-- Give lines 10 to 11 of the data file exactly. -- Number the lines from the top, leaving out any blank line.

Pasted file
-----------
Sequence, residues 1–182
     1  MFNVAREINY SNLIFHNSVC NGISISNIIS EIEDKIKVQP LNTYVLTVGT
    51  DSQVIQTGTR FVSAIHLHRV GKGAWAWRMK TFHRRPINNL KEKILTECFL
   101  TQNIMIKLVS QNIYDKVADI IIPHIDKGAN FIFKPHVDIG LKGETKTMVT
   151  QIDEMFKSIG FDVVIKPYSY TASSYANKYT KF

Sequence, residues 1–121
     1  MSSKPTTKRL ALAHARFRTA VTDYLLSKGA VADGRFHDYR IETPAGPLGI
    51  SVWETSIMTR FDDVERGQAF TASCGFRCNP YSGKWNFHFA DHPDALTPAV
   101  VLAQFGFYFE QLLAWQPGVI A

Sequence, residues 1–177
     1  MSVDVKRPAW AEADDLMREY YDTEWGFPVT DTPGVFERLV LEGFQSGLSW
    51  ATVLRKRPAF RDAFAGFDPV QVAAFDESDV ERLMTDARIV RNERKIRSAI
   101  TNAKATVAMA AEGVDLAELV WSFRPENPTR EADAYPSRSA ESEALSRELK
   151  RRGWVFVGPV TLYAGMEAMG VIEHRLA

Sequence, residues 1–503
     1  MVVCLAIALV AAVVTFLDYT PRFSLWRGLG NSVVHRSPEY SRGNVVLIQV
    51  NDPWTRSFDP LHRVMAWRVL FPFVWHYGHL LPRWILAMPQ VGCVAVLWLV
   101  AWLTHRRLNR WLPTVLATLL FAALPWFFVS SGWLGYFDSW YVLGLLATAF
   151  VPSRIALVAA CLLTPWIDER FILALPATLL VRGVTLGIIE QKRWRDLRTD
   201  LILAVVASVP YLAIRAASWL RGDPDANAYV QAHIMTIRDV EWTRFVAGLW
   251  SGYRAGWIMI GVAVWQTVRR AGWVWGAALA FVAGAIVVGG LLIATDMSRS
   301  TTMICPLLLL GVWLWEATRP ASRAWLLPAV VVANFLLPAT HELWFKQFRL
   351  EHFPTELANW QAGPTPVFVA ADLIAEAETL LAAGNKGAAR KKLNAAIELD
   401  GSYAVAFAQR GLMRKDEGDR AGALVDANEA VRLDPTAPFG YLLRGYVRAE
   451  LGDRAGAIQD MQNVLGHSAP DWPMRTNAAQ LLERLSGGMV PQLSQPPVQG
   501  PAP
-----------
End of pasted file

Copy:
Sequence, residues 1–177
     1  MSVDVKRPAW AEADDLMREY YDTEWGFPVT DTPGVFERLV LEGFQSGLSW